Stay tuned for part 2 of this post later this week!

Monday, February 02, 2015

Telling Children About How Much Money You Make

Great article in the New York Times: Why You Should Tell Your Children How Much You Make, by Ron Lieber.

" When Scott Parker wanted his six offspring to know more about the value of money, he decided to do something that many parents would consider radical: show them exactly what he earned. One day, he stopped by his local Wells Fargo branch in Encinitas, Calif., and asked to withdraw his entire monthly salary in cash. In singles. It took 24 hours for the tellers to round up that many bills, so he returned the next day and took away the $100 stacks in a canvas bag. His oldest son, Daniel, who was 15 at the time, remembers the moment his father walked into the house and dumped the $10,000 or so on a table. “It looked like he had robbed a bank,” he said. After a pause to let it all sink in, Mr. Parker began peeling off bills. He told them about taxes, set aside money for a tithe to their church and made a big pile for the house payment. The singles piled up for soccer and scouting and hamburger night. By the end, there wasn’t much left over. “I was trying to make as big of an impact as I could, and I definitely had their attention,” he said recently."
That might not be the exact method most people would use to get the message across, but I"m sure it was effective!

I've written a lot on this site about how my parents took pretty much the opposite approach-- my father earned the money and controlled how it was spent. He was very secretive about it-- money wasn't something that was to be discussed in specific terms about how much anyone had or made. All he ever said was that we couldn't afford this or that and that my mother should spend less on things like decorating and clothes. And yet, when the time came to spend money on things HE valued, like education and music, there was money to be spent. So while I generally knew that we were neither rich nor poor, but some in-between thing known sometimes as "middle-class" and sometimes as "very fortunate," there was a lot of doubt about finances. My mother's reaction to that was to think my father was a stingy hoarder who must surely have lots of money that he just didn't want to spend.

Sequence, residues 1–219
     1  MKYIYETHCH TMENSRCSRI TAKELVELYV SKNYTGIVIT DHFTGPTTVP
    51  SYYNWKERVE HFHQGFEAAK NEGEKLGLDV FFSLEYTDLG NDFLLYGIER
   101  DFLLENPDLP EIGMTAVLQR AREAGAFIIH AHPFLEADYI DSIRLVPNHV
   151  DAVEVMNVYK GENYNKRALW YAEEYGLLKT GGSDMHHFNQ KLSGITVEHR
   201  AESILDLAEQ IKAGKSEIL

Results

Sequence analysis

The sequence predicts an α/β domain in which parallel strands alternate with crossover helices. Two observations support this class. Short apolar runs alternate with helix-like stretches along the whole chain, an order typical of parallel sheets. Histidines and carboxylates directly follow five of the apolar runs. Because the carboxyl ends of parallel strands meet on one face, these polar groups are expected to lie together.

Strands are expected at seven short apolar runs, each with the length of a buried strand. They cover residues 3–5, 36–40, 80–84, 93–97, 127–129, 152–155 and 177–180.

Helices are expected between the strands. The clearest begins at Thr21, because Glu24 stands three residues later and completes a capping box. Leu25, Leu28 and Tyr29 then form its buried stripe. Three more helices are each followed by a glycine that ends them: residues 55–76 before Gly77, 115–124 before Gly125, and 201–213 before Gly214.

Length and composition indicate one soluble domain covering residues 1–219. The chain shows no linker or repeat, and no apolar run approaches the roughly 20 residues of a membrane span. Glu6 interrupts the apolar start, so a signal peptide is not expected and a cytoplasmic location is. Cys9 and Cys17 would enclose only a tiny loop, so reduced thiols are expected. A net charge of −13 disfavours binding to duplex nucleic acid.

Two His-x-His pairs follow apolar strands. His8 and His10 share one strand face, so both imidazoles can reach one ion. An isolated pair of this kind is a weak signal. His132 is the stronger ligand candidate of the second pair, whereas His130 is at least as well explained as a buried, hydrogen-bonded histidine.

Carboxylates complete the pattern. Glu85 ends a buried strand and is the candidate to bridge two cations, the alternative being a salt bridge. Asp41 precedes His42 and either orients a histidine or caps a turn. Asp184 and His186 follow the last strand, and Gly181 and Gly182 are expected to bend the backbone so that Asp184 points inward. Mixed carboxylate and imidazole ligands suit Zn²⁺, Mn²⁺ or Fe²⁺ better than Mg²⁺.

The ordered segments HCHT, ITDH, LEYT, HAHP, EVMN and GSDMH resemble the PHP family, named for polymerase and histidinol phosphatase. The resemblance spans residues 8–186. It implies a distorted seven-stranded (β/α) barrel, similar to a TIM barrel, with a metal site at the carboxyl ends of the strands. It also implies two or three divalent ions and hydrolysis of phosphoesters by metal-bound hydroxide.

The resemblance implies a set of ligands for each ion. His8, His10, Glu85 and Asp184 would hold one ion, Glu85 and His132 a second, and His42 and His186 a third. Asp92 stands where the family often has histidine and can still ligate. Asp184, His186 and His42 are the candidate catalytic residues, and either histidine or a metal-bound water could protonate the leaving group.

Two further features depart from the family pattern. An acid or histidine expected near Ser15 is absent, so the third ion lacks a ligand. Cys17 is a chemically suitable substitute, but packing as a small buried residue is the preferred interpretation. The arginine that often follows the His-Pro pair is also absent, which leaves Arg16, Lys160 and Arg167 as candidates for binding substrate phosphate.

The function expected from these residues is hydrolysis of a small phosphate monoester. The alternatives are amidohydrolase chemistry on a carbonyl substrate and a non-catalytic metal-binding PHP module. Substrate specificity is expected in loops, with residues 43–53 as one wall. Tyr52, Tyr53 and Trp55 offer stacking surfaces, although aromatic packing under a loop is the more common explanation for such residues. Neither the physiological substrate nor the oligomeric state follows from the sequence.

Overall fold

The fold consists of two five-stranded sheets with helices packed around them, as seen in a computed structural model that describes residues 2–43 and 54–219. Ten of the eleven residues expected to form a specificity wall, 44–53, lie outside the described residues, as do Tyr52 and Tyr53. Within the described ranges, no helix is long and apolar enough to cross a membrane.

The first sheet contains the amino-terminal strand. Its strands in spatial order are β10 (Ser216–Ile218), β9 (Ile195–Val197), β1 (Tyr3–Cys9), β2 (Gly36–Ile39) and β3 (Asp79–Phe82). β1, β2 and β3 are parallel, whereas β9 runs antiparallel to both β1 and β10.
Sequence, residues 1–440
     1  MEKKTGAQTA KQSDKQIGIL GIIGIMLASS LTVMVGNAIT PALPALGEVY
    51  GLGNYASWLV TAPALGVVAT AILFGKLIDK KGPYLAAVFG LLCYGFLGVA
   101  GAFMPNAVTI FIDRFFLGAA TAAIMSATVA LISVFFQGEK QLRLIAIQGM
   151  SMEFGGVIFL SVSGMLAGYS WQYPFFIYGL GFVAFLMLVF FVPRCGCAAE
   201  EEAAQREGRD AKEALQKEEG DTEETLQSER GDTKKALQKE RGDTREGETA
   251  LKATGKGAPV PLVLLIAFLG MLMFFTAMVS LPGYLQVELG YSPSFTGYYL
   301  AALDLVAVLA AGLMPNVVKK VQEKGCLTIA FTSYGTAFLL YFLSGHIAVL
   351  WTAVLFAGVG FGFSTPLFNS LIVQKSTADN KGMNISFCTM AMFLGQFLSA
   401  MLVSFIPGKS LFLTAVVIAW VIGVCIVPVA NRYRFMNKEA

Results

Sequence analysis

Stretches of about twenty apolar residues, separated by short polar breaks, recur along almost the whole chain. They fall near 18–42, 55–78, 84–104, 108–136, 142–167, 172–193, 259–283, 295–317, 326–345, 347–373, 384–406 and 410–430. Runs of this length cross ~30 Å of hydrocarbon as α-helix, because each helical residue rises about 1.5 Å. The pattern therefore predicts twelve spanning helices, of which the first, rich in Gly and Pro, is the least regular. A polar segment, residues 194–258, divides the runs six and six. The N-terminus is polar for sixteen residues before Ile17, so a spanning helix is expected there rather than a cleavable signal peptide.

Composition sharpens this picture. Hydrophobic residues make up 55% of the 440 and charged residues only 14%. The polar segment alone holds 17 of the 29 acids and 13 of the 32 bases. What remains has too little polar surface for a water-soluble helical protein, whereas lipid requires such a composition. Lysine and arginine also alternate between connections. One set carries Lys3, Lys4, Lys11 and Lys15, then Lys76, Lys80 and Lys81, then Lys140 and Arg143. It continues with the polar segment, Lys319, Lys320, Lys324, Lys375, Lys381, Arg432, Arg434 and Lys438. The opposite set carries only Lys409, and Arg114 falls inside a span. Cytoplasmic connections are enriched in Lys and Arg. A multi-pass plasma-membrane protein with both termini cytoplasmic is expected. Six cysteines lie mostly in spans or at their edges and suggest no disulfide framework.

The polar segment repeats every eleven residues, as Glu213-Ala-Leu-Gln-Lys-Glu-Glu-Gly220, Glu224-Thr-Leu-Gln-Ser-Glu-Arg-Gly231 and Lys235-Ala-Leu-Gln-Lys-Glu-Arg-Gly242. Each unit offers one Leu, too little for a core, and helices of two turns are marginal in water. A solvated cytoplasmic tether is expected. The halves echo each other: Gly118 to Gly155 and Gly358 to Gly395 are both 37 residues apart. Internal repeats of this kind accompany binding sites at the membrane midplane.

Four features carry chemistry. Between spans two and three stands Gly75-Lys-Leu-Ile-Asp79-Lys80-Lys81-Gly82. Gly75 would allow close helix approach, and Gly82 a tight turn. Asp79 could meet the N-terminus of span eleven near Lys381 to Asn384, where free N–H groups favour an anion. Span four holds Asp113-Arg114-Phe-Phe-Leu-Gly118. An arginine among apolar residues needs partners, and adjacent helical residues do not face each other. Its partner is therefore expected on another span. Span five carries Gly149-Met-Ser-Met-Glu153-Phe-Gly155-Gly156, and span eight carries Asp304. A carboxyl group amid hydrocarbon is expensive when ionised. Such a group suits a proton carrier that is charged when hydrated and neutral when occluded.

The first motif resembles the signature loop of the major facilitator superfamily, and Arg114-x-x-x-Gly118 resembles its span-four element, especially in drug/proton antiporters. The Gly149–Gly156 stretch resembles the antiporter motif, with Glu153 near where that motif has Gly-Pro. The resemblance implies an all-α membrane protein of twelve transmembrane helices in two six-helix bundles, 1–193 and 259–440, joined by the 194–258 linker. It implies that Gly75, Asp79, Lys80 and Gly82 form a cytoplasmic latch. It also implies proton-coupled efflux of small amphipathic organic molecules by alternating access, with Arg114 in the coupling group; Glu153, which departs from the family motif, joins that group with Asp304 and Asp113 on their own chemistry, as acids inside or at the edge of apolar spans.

Honesty and openness is a much better policy, though in my case, it came too little and too late, and ultimately even when I thought my mother had a full understanding of the finances, she still made poor choices. One might say that her own childhood influenced her-- did her parents tell her how much money they made and had? Probably not, but if they had, they would have told her that they made very little, and had little or no savings for most of her life. That will teach a child a very different lesson than if their parents have the more middle-class and up finances of the people profiled in Lieber's article.
 The article is excerpted from his new book, The Opposite of Spoiled: Raising Kids Who Are Grounded, Generous, and Smart About Money. I don't have kids of my own, but I know some parents who could probably use this book!